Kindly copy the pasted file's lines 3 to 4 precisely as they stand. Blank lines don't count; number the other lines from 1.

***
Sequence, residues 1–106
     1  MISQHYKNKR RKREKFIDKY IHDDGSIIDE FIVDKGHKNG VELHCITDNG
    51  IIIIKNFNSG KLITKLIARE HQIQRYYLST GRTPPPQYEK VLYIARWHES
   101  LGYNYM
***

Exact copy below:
    51  IIIIKNFNSG KLITKLIARE HQIQRYYLST GRTPPPQYEK VLYIARWHES
   101  LGYNYM